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Old February 26, 2008, 11:49 PM   #1
berkmberk1
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19th Century firearms lubricants

With all the hubbub about what to use or not to use, petroleum or no petroleum, etc. etc., are any of you historically astute afficiandos and pistoleers aware of what great-grandad used to oil, grease, or other wise slick up his six shooter or rifle out there on the plains or at Gettysburg? Petroleum was in its infancy at that time so I'm figuring.....tallow? lard? veggie oils? Any good references?

Seems to me whatever they used would be just as good today and.....actually "greener" and sustainable!

(Hows that for a come back to the anti-gunners......we're sustainable.....we recycle......we use natural product........
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Old February 27, 2008, 12:00 AM   #2
Wildalaska
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Sperm oil?

WildamirightAlaska TM
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Old February 27, 2008, 12:27 AM   #3
jtaylor
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Old recipes seem to be based around Beeswax/Tallow/Olive oil in various ratios. I've settled on Beeswax/Olive Oil and wintergreen exrtract ( Doubles as great lip balm! ) It smells just like TC bore butter, but I can make it as thick or thin as I want and it works great as a lube to melt into your felt wads, or an over the ball lube. I use the same mix to coat the cylinder pin and to cut lube pills sometimes.
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Old February 27, 2008, 01:28 PM   #4
berkmberk1
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Sounds interesting..........can you email me a "recipe"?
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Old February 27, 2008, 02:51 PM   #5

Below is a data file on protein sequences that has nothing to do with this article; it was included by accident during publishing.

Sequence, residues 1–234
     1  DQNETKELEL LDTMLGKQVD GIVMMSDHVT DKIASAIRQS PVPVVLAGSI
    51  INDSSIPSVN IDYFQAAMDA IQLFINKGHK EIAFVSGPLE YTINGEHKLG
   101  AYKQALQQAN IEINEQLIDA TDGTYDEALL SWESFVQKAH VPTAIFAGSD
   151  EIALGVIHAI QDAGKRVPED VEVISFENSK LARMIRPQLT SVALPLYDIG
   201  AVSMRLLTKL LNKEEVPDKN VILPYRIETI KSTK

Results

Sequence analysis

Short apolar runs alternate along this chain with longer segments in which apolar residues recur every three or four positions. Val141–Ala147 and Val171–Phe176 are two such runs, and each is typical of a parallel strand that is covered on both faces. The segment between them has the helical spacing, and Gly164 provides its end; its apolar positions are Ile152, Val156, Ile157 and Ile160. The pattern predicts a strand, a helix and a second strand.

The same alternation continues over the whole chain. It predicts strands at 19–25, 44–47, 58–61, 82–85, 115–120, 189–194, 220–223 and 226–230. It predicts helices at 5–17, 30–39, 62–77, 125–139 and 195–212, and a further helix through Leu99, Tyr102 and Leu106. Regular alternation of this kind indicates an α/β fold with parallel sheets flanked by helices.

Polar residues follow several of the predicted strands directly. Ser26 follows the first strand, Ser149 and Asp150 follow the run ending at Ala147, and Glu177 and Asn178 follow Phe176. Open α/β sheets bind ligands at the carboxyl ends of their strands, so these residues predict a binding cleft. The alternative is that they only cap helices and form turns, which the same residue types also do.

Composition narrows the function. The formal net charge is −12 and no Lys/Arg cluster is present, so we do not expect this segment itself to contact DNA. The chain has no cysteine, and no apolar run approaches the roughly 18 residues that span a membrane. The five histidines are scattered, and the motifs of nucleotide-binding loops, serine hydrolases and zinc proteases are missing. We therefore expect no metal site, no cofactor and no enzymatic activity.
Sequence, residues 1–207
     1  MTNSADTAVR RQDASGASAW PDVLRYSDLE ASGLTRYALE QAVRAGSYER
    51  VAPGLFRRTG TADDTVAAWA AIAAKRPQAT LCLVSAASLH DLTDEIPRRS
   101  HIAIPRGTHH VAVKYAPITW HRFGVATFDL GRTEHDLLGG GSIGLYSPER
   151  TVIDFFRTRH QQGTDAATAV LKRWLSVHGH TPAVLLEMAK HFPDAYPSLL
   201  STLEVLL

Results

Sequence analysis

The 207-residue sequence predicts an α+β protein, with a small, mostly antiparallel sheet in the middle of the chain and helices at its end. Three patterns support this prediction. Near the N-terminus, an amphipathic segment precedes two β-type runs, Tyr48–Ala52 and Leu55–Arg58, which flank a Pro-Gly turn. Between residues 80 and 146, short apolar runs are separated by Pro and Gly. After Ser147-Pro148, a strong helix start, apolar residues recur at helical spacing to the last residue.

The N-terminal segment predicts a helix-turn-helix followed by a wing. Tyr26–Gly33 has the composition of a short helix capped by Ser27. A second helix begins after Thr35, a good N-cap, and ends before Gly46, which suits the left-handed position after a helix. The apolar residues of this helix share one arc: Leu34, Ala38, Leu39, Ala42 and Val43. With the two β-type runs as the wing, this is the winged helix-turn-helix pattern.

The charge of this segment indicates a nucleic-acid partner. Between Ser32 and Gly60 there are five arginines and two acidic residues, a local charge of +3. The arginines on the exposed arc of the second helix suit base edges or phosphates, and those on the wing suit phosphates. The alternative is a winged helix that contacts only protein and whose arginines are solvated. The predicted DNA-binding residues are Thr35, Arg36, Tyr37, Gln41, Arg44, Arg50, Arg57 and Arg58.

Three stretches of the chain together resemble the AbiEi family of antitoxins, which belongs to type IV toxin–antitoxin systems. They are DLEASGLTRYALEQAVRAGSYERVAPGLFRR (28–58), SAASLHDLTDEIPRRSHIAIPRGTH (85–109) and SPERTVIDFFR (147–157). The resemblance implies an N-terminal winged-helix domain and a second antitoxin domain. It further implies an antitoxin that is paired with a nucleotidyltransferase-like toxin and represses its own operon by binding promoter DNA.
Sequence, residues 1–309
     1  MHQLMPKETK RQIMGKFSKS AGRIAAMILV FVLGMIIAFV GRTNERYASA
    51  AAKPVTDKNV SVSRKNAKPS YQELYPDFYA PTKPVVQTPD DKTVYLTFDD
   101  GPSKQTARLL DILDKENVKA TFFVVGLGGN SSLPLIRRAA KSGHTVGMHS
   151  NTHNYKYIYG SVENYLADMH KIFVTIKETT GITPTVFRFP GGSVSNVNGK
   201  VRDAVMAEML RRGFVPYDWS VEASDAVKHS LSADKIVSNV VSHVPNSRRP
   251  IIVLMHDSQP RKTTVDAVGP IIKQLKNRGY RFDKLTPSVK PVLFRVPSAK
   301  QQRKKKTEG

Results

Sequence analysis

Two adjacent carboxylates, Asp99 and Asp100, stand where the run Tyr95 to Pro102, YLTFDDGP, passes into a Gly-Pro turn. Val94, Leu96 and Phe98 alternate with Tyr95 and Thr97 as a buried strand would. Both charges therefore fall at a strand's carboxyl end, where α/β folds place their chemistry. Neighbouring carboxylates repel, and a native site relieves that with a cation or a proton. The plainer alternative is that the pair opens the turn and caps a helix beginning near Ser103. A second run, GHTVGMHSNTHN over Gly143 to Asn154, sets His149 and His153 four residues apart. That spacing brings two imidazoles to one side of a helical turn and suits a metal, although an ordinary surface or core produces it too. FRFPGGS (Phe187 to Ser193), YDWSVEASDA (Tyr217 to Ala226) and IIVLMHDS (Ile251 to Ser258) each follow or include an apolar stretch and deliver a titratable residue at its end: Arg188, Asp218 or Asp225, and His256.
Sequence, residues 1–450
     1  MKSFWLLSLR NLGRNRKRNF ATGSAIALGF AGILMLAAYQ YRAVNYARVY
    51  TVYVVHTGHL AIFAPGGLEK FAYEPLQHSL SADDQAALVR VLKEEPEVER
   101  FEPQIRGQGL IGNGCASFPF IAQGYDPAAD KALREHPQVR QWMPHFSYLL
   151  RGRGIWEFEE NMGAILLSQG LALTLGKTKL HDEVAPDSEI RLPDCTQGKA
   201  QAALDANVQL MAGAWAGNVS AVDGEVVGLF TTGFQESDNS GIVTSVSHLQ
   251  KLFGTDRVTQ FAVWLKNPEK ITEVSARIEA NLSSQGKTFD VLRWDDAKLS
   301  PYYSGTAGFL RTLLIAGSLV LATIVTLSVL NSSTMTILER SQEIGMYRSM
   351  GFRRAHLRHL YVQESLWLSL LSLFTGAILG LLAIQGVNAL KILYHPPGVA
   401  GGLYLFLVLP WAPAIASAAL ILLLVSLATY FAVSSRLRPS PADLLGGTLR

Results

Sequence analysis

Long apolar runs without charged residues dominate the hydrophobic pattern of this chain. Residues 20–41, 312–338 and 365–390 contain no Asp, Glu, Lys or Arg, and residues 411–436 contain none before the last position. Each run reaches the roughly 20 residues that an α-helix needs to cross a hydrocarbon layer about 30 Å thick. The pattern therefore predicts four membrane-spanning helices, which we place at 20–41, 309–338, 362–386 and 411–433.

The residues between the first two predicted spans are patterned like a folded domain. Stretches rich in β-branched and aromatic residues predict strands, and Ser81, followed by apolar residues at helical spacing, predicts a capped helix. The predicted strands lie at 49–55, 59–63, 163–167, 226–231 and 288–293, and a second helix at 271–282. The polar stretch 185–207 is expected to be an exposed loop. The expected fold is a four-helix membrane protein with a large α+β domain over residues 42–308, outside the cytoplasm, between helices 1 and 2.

CraigC
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Quote:
Sperm oil?
With so many more common options on-hand I would imagine that whale oil would have been cost prohibitive for most. Terrestrial animal fat was (and still is) everywhere.
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Old February 27, 2008, 03:08 PM   #6
jtaylor
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I've never sat and come up with a recipe, but more of a method to make the lube. I break up a brick of beeswax ( about 1 pound ) and put the chunks into a pot on medium heat. I add about the same amount of Olive oil and a tablespoon of Wintergreen. Once the mix has melted and mixed well, I cool a single teaspoon of it over an ice cube and check it's viscosity. I'm not too picky there. Thick enough to withstand summer heat, thin enough to be used in the cold. I actually use the same mix to fill empty chap stick tubes too, if that give you an idea of the thickness I go for; soft but not liquid.
I used to use tallow too, but it's to greasy feeling and makes more of a mess. This simple wax/oil mix is the cleanest and I get less fouling using it. For some reason, olive oil works much better than other veg. oils too.